The specific nature of the partnership relations with local NGOs is central to the transition process. This is where the switchover to localization ultimately does or does not come into play: the relationship either remains instrumental or it becomes organic. It has taken us a lot of time and reflexivity to achieve the current productive and regulating formula in our Alliance. The partnership jointly set up with local NGOs is based on the principle of subsidiarity in the use of our resources. For them, it means not being absorbed by the Alliance, obtaining a share of its financing and not being subject to a validation procedure for their projects outside our common projects.

 

Humanitarian aid in Africa: on track towards a mainly African structure

The results on mutual capacity building are quantifiable: both local NGOs and ours have been professionalized. Their medical staff have been able to train with African and European experts from the French and Senegalese headquarters. Consequently, local member associations of the Alliance, such as BEFEN (Niger), Alerte Santé (Chad) and others are now recognized as such by their national authorities and the international community and can access calls for tenders by donors.

The second phase involves completing our association’s transition towards a mainly African structure operating with South-South dynamics. From an operational viewpoint, the number of our African expatriates on a mission for ALIMA has risen from about 10% in 2020 to over 95% today. In terms of governance, the partner NGOs have been appointed to the Board of Directors (a third of the seats depending on the bylaws), which gives them decisive decision-making power.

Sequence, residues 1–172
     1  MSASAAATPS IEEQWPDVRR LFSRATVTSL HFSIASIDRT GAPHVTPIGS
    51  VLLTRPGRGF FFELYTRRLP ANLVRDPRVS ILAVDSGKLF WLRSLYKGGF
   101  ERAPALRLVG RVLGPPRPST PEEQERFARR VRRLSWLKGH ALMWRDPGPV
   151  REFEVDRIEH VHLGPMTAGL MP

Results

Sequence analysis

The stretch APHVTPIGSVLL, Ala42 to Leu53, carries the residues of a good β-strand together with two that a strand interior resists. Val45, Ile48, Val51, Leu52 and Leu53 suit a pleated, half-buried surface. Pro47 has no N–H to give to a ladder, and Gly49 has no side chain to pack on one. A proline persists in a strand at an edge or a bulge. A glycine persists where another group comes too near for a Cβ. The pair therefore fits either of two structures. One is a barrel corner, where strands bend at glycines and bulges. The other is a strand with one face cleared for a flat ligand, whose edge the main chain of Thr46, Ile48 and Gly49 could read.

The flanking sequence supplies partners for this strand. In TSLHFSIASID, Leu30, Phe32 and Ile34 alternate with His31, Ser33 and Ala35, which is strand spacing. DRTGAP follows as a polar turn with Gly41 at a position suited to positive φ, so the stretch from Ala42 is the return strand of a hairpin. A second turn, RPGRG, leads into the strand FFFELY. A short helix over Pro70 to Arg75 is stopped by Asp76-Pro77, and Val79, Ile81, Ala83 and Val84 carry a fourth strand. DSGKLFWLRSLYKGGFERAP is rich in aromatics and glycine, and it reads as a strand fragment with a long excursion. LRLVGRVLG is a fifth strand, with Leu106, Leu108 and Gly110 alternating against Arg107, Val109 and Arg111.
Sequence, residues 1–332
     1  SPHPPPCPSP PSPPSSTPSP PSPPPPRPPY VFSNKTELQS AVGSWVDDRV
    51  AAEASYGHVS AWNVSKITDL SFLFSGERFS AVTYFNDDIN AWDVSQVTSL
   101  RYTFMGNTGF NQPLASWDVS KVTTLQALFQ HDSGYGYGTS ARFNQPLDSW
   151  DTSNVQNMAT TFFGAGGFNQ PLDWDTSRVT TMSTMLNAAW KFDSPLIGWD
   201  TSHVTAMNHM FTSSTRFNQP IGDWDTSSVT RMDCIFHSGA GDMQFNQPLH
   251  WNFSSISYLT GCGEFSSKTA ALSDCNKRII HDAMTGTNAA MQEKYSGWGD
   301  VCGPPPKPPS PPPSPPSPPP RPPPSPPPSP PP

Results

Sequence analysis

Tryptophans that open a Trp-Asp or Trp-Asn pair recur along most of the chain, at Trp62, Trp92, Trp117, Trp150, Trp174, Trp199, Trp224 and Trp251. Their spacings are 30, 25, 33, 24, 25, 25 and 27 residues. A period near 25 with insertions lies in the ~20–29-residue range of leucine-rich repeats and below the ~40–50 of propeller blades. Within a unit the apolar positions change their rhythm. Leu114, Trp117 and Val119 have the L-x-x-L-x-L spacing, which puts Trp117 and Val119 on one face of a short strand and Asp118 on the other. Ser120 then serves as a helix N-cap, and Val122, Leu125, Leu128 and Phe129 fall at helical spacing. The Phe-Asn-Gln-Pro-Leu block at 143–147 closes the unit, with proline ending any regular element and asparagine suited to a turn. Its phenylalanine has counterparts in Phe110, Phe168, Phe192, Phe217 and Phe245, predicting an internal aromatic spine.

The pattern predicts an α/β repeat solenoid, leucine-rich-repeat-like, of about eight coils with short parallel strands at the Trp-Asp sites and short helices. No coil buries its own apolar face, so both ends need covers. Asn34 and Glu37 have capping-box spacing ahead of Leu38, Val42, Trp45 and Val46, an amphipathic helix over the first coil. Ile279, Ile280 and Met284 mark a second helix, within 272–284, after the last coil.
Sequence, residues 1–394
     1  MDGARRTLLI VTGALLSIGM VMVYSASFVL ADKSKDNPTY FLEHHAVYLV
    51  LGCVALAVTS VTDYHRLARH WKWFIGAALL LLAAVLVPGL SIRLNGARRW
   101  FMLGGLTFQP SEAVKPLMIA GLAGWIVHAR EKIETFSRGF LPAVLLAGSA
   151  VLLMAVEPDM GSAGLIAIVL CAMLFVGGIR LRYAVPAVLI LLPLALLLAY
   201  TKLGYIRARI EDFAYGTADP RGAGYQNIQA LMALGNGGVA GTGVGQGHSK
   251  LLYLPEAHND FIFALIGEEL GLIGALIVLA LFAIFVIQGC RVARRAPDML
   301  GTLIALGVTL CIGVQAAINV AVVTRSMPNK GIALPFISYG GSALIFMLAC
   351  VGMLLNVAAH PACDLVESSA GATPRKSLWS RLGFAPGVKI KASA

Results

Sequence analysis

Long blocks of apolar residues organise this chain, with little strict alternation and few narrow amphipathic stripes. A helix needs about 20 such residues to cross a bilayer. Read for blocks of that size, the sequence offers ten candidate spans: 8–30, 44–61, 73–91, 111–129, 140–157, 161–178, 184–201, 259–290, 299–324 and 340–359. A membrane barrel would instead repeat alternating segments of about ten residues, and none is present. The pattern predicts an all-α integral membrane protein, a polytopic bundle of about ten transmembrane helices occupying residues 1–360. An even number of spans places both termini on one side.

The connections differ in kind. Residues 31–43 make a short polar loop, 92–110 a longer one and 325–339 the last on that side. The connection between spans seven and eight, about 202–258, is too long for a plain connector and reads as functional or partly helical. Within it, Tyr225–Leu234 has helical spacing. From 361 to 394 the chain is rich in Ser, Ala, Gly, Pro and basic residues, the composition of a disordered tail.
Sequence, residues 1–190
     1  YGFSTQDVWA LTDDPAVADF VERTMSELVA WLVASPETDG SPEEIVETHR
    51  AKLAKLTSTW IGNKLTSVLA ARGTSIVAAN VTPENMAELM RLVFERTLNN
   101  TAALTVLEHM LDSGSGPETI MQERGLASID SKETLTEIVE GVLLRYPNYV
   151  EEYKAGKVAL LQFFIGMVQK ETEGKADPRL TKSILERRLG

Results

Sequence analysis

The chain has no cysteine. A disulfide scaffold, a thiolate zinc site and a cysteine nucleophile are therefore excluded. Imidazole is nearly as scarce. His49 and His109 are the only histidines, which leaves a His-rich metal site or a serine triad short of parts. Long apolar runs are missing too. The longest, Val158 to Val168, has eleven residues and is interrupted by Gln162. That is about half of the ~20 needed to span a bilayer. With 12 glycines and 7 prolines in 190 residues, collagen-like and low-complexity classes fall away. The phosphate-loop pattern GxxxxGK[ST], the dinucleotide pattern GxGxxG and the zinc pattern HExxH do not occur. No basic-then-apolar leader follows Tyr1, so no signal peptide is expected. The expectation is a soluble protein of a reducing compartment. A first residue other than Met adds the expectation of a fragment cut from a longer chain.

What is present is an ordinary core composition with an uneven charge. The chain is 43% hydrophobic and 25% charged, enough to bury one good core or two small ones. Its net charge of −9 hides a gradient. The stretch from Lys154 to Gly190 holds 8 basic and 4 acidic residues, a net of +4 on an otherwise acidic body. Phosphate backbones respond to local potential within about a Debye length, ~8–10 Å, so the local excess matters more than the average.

We do, of course, maintain close relations with Western stakeholders, in particular for research and institutional financing, with fundraising and communication being handled by the Paris office. But we feel we have achieved our objective, i.e. we have created an African humanitarian NGO able to operate on the ground and in the most difficult emergency situations in the Sahel and Sub-Saharan Africa (Ebola, malnutrition, malaria, population displacement), with the participation of the African beneficiaries in the solutions that concern them.

 

Localization validated by the COVID-19 crisis

To address the ordeal of an epidemic like COVID-19, our African teams have managed to deploy in the various areas while the NGOs from the North were grounded by the suspension of international flights and the gradual closure of borders. We have also deployed several hundred beds for COVID-19 patients through this community-based and decentralization approach to supply chains, including over a hundred thanks to the support and responsiveness of AFD’s “COVID-19 – Health in Common” initiative, and trained over 1,500 health workers.